Thursday, January 29, 2015

The color of the hand holding the guns

I have heard it from adoptive parents.

"When it comes to me and my child, I'm color blind. I don't see that they are different."

I'm not going to look at their faces and say, "bullshit", but that is what I think.

Also the kids in question-- they are not fooled. They know something is different about their color from your color. Lotus has noticed it. She points out that Mommy and Daddy have blue eyes and she has black eyes.  I explain to her it is because China Mommy had black eyes and she's okay with that. But she still notices the difference.

I think that people believe that children don't see skin color because it just doesn't matter to them. Are you fun and running around and playing? Yes? Then come play with me. Are you pushing me down? Yes? Go away.

It really is that simple.

At one of our local malls there is a mini-play area for the kids. While I was dealing with the heart of Infertility or the worst parts of The Wait, I couldn't go near it. Now with my darling 2 and a half year old, it is a godsend.  She's still kind of little for it, but it is fun.

One of the first times we went she was making her way around, slowly as this was right after she started walking. There was a little boy, well, not that little as he was around 6 to her 2, and he was a BIG little boy. Not fat, but muscular.  He was also black. He bounded up to Lotus and I nearly intervened. I wasn't sure what he wanted or why he ran over to her so fast. It turned out he thought she was closer to the edge of the slide than she was and didn't want her to fall. He then, gentle as a man could be, held his hands out and helped her to sit on the slide. They went down together, both yelling Wheee!!!  He then became her protector. If other kids came too close he yelled at them--"Hey, be careful of the baby here!"  They played for nearly a half hour.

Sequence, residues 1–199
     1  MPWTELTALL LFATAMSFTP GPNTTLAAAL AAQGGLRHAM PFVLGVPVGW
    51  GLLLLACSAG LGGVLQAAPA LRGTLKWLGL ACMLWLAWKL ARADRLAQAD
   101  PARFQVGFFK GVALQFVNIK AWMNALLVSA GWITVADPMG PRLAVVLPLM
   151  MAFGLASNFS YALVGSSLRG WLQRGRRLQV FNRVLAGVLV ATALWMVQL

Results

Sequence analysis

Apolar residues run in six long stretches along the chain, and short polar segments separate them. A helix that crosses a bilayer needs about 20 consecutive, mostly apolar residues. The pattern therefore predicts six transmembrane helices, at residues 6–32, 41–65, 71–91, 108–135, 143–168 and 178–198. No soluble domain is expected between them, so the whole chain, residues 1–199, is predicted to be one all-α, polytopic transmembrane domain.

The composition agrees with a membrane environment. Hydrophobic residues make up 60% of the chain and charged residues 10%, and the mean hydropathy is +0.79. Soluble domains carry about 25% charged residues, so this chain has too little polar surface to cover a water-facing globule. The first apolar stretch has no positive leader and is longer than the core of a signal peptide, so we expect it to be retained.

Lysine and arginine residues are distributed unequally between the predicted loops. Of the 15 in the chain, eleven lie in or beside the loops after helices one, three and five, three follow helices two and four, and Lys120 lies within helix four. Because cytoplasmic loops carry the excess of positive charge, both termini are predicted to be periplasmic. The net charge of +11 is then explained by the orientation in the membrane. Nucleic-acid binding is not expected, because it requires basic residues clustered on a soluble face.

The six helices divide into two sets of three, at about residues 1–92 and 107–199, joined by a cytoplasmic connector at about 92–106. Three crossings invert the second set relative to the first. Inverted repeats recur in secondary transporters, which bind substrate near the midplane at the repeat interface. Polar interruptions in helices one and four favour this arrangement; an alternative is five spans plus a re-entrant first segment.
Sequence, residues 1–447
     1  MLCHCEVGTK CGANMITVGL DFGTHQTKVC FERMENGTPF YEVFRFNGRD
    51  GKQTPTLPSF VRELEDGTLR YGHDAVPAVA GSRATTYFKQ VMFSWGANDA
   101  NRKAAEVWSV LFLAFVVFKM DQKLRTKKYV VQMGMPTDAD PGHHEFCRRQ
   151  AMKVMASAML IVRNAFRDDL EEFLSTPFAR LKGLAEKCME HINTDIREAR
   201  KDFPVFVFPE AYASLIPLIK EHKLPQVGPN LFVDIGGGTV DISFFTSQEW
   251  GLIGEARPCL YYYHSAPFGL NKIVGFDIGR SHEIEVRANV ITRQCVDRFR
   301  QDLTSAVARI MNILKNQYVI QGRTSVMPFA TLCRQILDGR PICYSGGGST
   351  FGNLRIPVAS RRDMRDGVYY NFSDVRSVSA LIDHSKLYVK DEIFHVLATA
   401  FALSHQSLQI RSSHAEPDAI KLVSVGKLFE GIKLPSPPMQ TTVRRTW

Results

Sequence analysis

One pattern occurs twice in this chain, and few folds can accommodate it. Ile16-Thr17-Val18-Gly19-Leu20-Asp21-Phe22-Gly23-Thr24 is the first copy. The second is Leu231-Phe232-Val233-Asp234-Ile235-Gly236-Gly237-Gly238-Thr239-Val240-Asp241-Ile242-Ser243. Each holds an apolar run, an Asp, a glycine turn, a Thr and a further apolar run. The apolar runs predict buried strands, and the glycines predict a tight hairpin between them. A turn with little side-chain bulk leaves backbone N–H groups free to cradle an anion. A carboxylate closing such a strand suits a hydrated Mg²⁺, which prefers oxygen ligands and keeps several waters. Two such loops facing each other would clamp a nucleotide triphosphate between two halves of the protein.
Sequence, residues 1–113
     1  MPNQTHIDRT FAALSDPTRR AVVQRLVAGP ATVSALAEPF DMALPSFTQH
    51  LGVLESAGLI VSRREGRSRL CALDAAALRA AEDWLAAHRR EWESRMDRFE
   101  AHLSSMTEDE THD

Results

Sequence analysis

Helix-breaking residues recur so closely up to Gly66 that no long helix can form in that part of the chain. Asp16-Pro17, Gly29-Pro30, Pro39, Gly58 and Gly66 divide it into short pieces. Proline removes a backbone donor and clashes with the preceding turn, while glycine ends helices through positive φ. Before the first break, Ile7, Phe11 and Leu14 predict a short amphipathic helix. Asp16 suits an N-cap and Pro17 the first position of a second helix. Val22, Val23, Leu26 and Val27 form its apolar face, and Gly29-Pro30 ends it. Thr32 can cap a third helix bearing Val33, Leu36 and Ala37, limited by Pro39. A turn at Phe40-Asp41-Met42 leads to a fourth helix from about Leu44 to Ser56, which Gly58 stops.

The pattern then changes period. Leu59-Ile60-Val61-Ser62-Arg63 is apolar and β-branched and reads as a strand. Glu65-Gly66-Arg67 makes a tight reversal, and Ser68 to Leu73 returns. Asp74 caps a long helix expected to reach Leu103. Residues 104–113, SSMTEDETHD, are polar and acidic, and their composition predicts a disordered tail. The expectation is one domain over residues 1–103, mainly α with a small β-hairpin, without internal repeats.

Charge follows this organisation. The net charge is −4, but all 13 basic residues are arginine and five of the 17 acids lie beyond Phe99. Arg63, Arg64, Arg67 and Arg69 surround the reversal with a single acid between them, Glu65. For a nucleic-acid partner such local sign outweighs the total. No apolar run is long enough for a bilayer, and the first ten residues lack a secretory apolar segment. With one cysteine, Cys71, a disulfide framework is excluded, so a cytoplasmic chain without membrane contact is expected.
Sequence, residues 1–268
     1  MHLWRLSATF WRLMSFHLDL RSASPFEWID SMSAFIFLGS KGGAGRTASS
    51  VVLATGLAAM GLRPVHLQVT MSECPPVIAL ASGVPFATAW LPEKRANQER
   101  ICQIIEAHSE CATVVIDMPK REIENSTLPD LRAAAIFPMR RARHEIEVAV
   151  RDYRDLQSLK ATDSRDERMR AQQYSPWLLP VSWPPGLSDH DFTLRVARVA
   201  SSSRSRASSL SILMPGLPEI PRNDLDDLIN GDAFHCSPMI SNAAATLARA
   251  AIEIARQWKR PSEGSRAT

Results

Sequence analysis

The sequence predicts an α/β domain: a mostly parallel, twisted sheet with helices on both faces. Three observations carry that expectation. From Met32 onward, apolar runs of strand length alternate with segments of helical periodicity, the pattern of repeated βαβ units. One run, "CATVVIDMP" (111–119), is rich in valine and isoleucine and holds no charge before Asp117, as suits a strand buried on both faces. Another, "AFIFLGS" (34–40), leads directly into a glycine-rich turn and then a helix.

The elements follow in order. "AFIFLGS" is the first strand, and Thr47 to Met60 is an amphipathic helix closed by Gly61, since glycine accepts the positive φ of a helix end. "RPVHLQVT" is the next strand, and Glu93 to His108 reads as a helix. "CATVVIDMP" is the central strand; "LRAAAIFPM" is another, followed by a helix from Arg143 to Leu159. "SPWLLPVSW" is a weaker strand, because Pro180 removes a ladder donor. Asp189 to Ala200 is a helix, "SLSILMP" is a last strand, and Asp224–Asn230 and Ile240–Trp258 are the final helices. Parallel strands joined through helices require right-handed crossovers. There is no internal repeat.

I sought out his mom and complemented his patience and caring demeanor. That's how I found out he was six--his mom told me. I was stunned to find out he didn't have younger siblings--but a ton of younger cousins. We were chatting and I said what a fine man he will turn out to be. The woman sighed and said "As long as he stays away from Florida with bags of Skittles," alluding of course to Treyvon Martin.  I felt very white. She looked at me and seemed to be ready to apologize. I shook my head and we talked about how these boys and men who have been getting killed by people were once little boys. I said that I had almost said something when he came running up. She looked at me, "He's a big kid running towards your little one--of course you're going to notice. But you didn't have a gun in your hand and you didn't shoot it. We've got to get the guns out of their hands."

It was nearly a year ago when I had this conversation. Before all the stuff that happened recently. I think about it a lot. I think about the main question. How do we get the guns out of their hands?

1 comment:

  1. Not sure "getting the guns out of their hands" will work. They're cops; they probably will need the guns at some point.
    Better, to get the guns out of their heads;
    that is, make the go-to solution when dealing with civilians or perps be NOT violence. Not sure exactly how to do that, though.